Montana Gallagher Series
The weariness settled in not long after her ship arrived in Boston. The anger, the pain, and the betrayal still consumed her heart. The grandness of the wild territory looming ahead did nothing to assuage these feelings. It seemed so long ago that she held her father’s hand as he lay dying, though barely eight months had passed. She still remembered his final words as though he’d spoken only a moment ago. “Ye’re not alone in the world, me darling girl.” Gazing out the train window, across the expanse of land that marked only the beginning of her journey, Brenna realized her father couldn’t have foreseen where those final words would lead her.
In the countryside of Borthwick, Edinburghshire, Scotland 1869
The mare fought bravely to bring the young filly into this world, and her struggles paid off. The beautiful silver-coated filly glanced around curiously as it sought purchase on its wobbly legs. Her mother nudged the little one until it stood triumphantly and quickly sought out nourishment. The young girl on the cusp of womanhood watched with rapt attention at the miracle, then turned from the stall and raced to the main house.
“Papa! Mama! Come quickly!”
Brenna jumped up and down in the doorway of the parlor, turned around, and headed back for the stable without bothering to see if her parents followed.
Her father chuckled at the retreating girl and his wife smiled. “You did promise her a new filly.”
“So I did.” He laughed again and reached for his wife’s hand. “Let us go and see if that’s what she’ll be getting.”
Duncan and Rebecca Cameron walked along the green grass to the stable that had born dozens of foals and fillies over the years. Brenna had impatiently waited in great anticipation for this one day to come, for this special filly to be born. Her first horse to raise just as she chose and the most perfect gift she’d ever received.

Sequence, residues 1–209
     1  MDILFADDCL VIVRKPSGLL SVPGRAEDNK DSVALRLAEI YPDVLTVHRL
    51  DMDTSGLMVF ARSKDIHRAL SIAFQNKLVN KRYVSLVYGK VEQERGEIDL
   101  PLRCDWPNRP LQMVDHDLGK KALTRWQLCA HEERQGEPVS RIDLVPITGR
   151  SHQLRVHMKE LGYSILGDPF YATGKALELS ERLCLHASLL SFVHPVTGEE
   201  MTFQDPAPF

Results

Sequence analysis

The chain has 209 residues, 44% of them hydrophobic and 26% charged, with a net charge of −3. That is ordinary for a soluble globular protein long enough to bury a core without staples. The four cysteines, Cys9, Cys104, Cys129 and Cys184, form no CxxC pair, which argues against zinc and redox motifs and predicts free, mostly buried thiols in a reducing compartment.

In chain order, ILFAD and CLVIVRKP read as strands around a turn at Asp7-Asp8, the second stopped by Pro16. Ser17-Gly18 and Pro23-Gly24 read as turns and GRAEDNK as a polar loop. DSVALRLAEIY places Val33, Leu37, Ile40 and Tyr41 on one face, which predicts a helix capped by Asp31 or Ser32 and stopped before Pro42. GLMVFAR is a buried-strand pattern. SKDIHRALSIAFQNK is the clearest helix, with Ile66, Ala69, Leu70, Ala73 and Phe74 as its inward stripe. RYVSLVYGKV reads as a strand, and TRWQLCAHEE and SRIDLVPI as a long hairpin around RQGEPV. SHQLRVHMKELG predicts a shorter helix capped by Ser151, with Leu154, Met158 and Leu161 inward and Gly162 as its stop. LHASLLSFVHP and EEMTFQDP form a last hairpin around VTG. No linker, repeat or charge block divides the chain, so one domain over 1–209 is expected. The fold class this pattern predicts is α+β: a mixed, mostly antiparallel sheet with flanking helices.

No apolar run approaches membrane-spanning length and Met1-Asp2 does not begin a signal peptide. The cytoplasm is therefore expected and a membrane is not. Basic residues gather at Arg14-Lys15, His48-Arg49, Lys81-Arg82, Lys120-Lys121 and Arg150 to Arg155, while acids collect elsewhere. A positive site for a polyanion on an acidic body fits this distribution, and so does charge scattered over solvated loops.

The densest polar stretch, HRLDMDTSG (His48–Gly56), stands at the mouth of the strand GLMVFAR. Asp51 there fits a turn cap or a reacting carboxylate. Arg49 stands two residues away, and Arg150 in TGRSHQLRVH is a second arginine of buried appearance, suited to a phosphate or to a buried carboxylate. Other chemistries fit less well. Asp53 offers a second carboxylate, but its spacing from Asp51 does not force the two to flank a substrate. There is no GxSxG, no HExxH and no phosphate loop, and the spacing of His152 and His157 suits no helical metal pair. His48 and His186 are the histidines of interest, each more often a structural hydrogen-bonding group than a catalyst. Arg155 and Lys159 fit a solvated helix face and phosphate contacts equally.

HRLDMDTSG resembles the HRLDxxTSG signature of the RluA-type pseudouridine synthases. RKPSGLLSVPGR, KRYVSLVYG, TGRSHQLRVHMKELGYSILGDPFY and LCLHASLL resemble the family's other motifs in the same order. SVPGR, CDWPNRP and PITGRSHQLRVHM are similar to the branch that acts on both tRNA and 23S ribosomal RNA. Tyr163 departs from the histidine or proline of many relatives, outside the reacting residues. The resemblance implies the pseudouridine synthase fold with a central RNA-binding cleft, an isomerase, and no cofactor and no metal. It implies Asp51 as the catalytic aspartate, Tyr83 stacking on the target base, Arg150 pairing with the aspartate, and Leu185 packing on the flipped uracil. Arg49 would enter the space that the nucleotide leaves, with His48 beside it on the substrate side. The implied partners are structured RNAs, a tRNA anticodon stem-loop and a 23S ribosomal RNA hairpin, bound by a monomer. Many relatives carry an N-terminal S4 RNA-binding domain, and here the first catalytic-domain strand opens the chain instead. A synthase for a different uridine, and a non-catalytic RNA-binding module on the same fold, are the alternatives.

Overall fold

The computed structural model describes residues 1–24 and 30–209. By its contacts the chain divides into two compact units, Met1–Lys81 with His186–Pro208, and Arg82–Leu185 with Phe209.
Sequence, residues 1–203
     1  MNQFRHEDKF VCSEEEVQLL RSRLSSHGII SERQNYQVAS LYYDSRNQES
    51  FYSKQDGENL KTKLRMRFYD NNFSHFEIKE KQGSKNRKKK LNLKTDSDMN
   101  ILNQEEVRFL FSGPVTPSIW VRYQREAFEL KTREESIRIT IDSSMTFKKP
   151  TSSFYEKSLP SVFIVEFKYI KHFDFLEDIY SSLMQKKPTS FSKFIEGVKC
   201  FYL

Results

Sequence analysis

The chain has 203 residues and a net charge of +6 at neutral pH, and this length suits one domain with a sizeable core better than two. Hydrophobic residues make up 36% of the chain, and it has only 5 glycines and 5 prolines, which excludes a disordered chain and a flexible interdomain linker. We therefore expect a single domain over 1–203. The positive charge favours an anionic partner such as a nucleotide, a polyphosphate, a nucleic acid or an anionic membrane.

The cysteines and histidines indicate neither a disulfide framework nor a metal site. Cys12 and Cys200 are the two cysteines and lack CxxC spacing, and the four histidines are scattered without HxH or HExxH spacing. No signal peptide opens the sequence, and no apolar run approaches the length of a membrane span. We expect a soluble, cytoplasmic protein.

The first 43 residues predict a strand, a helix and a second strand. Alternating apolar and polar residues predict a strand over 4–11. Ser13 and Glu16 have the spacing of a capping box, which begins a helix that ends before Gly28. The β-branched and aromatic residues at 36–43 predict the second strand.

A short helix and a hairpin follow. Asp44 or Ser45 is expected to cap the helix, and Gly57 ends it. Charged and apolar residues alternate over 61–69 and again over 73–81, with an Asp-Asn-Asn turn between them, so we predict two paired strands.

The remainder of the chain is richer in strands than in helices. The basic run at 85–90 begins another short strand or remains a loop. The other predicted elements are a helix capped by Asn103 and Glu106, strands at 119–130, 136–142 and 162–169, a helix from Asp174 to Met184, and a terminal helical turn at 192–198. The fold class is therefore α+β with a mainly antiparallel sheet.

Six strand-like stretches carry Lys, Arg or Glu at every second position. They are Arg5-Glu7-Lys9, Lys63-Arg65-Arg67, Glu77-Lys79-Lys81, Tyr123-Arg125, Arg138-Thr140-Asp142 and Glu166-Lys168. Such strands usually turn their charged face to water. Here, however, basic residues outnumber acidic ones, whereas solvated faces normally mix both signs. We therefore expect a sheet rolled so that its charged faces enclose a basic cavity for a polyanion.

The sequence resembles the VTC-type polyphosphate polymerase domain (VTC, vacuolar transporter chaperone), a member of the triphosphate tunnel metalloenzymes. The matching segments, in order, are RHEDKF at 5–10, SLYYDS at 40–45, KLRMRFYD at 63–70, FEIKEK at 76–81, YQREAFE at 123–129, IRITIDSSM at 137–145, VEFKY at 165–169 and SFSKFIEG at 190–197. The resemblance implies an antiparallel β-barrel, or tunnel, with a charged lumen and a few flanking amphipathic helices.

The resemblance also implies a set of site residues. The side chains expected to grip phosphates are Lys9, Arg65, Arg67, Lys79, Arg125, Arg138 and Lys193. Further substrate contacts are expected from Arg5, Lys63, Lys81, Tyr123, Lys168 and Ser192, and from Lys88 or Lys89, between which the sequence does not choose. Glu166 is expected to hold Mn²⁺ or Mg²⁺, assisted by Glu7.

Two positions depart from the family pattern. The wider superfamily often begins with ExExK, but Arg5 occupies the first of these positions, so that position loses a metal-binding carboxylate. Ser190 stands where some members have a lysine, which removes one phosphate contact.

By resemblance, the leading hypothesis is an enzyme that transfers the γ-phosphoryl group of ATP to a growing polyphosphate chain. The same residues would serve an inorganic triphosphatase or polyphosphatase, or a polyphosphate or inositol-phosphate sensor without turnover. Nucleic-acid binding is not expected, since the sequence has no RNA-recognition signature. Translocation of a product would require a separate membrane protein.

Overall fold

The couple walked up and stood beside their daughter, looking over the stall door at the young filly staring curiously back at them. Brenna stood between them, and sensed their excitement nearly matched her own.
“It will be a bit of time before she can be ridden, but she’s a fine-looking filly, Brenna.”
“She’s beautiful, Papa.”
“That she is,” her mother said, and placed an arm around her shoulder. “What do you say we leave her to her mother.”
Brenna looked up at her father, pleading with him to let her stay out there. Her just-a-little-longer plea almost always worked when she looked at him with her small smile and wide eyes.
“Not this time, darling girl.” He pulled his daughter and wife close to him and walked toward the stable entrance.
“There’ll be plenty of time for ye to spend with her, but yer mother’s right.”
“Well, may I come out tomorrow? At sunrise?”
Her father chuckled again. “Yes, at sunrise.”
Brenna knelt over the recently tilled soil, side by side with her mother. Together they sowed the flower seeds for a new garden they chose to plant near the orchard. It had always been one of her most cherished times, those hours she spent with her mother in the gardens or with her father at the stable. Few young people Brenna’s age lived in their small village, but she didn’t mind.
Her parents and the people who worked at Cameron Manor were her family and friends. She took her school lessons every day after she and her mother tended the gardens; her parents insisted she be educated. Her tutor, Mrs. Parks, a delightful older woman from London, spoke French and even traveled to Africa before her husband died. She encouraged Brenna to think freely and beyond the ideas written in textbooks. Brenna was delighted when her father presented her with a beautiful globe shipped from London. She spent hours asking him about his travels and how he met her mother.